Accidents within the home are a leading cause of death in the United States. Falls, drowning, and injuries from burns, poisons and hazardous chemicals are among the most common reasons for visits to the emergency department. The good news is that many of these home accidents can be prevented by taking some extra precautions.
Heather Venezio, Trauma Program director at NorthBay Medical Center, said the hospital sees the result of home accidents on a daily basis. “Injuries from falls top the list,” Heather said. “We see patients injured falling out of bed and off the couch as well as off the roof. And, items falling on top of people also cause injuries.”
Falls account for more than a third of all fatal injuries. From falling off the roof while removing holiday ornaments to tripping over a rug or slipping in the shower, falls take their toll on people of all ages.
You can prevent such accidents around your house by eliminating obstacles and hazards that increase the risks of tripping, skidding, or stumbling. Eliminate clutter from the floor, including boxes, shoes, toys and anything a person could trip over.
Make sure any electrical cords or extension cords are secure. Remove throw rugs or secure them with double-sided tape so they won’t slip. Keep objects off the stairs and make sure handrails are secure. Check your light bulbs and make sure your house is well lit.
Injury by Falling Object
Being struck by an object is included by the Centers for Disease Control and Prevention (CDC) as a leading cause of accidental injury. “We see injuries caused by people reaching for something elevated that falls on them or they fall because they are using an unstable step stool,” Heather added.
Avoid having unstable objects, furniture or other heavy items in areas where they may fall and injure someone. Children climbing on unstable furniture that tips over on them is another common cause of injury. If possible, secure heavy items to the wall.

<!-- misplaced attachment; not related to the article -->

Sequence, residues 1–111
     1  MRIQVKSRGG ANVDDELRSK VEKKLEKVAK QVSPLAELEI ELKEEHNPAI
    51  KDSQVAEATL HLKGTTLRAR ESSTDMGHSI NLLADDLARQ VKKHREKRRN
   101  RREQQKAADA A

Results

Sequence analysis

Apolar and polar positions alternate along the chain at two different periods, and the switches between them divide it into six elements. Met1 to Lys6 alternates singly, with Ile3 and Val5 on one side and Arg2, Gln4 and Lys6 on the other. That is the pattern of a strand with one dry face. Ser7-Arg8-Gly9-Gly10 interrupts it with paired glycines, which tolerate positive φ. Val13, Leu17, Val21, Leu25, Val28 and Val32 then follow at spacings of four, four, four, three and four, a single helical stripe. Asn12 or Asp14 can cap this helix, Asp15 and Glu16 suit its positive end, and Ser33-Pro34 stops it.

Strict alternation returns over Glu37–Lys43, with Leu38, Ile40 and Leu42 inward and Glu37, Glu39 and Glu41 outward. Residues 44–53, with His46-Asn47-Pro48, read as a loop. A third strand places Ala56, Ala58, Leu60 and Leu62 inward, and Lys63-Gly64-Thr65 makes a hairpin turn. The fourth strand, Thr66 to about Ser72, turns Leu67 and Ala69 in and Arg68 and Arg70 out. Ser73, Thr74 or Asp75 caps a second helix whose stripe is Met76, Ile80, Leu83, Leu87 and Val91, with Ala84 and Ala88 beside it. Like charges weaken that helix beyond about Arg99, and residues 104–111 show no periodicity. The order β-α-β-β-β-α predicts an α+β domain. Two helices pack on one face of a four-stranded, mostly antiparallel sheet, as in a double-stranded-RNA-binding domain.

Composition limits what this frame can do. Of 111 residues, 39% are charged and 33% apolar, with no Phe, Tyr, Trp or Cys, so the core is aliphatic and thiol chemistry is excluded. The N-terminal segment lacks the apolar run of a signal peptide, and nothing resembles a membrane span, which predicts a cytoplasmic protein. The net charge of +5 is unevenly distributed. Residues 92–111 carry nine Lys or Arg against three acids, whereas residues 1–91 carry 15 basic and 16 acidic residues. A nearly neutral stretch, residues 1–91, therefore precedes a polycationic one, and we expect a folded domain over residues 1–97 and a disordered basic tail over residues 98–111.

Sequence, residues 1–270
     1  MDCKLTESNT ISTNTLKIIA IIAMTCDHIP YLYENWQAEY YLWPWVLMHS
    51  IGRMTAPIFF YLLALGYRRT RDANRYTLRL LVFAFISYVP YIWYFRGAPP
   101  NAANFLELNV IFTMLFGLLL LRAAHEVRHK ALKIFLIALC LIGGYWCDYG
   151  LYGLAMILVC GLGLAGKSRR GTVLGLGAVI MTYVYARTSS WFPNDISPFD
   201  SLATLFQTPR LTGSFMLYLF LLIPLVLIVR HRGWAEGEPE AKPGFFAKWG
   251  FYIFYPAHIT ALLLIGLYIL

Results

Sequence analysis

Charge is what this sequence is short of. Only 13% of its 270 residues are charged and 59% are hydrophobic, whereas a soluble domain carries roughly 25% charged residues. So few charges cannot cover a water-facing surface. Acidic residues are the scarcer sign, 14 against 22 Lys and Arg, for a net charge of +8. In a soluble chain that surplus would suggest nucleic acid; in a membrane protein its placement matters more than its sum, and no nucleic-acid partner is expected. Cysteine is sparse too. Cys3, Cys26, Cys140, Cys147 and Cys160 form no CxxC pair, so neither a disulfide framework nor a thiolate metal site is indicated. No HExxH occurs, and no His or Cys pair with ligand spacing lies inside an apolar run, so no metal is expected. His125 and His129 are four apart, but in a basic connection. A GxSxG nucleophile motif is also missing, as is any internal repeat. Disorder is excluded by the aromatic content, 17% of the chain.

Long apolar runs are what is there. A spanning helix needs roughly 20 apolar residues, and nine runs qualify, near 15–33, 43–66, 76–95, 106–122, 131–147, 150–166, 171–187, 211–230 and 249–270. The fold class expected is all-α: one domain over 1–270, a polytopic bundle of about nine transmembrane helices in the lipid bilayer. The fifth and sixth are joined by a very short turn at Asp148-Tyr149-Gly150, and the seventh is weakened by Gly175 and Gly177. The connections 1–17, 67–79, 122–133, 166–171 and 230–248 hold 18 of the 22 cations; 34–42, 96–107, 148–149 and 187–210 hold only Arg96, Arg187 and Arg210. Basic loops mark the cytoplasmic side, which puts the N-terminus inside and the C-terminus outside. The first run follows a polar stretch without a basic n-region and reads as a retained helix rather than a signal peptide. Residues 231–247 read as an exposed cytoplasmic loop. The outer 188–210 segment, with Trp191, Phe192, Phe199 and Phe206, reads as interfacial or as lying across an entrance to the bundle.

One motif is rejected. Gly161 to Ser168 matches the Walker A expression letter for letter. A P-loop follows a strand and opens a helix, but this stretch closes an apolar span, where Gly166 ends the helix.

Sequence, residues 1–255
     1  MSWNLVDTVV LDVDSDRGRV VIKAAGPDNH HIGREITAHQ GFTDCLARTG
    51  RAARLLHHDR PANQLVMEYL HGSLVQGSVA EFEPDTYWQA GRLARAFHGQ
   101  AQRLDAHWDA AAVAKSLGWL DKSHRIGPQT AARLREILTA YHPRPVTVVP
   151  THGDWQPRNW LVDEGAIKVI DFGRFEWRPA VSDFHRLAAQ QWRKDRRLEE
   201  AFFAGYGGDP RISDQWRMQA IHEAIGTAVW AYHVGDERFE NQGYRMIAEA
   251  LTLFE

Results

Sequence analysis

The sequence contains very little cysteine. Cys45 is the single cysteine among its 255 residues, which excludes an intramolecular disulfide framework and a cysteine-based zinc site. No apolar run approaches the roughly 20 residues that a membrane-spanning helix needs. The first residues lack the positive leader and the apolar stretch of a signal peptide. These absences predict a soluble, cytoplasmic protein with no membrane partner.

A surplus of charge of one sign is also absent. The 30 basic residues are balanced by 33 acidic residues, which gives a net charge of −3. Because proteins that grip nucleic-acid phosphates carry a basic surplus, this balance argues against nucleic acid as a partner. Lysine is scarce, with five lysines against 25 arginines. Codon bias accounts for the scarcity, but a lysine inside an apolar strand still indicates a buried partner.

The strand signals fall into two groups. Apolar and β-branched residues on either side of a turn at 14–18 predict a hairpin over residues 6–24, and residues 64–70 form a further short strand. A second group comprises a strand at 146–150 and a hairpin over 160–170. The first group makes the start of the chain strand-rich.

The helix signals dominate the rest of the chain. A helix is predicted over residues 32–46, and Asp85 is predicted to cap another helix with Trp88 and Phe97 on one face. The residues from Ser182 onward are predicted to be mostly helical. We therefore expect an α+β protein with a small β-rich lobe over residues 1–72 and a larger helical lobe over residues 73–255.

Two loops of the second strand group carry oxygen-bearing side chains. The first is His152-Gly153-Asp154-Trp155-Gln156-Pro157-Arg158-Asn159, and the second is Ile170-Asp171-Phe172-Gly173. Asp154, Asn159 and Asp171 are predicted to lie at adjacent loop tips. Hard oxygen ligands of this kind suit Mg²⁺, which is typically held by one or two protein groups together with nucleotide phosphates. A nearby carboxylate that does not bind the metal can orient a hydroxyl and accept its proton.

It only takes a couple inches of water for drowning to occur. Children are most susceptible to these accidents, so never leave a child around standing water, pools or tubs. Adults should also avoid falling asleep while taking a bath. The best way to prevent drowning is to learn water safety and how to swim.
Household burns are another common injury seen in the emergency room. Most burns are associated with cooking, Heather explained. Scald burns from hot liquids are one of the most common burns to children and older adults. Kids love to reach, so to prevent hot food or liquid spills, simply use the back burner of your stove and turn pot handles away from the edge. Use oven mitts or potholders when handling hot pots and pans.
Another source of burns is curling irons. “Accidentally grabbing the hot end of a curling iron can cause a painful burn to the palm of your hand,” Heather said. “Make sure you unplug your curling iron when you finish with it.”
A poison is any substance that is harmful to your body if too much is eaten, inhaled, injected, or absorbed through the skin. Everyday items in your home, such as household cleaners and medicines, can be poisonous if misused.
Home accidents can be prevented by taking some extra precautions.
Medication dosing mistakes and unsupervised ingestion of medications are common ways that children are poisoned. Secure medications out of reach of children (lock them up if possible) and dispose of all unused or outdated prescription and over-the-counter medicine.
Keep cleaning solutions and detergent pods in their original packaging for easy identification. Follow label instructions when using household chemicals.
Keep the poison control number by your phone: (800) 222-1222.
Always read the label before using a product that may be poisonous. Do not use food containers such as cups, bottles, or jars to store chemical products such as cleaning solutions. Never mix household products together. For example, mixing bleach and ammonia can result in toxic gases. Turn on the fan and open windows when using chemical products such as household cleaners.
Wear protective clothing (gloves, long sleeves, long pants, socks, shoes) if you spray pesticides or other chemicals.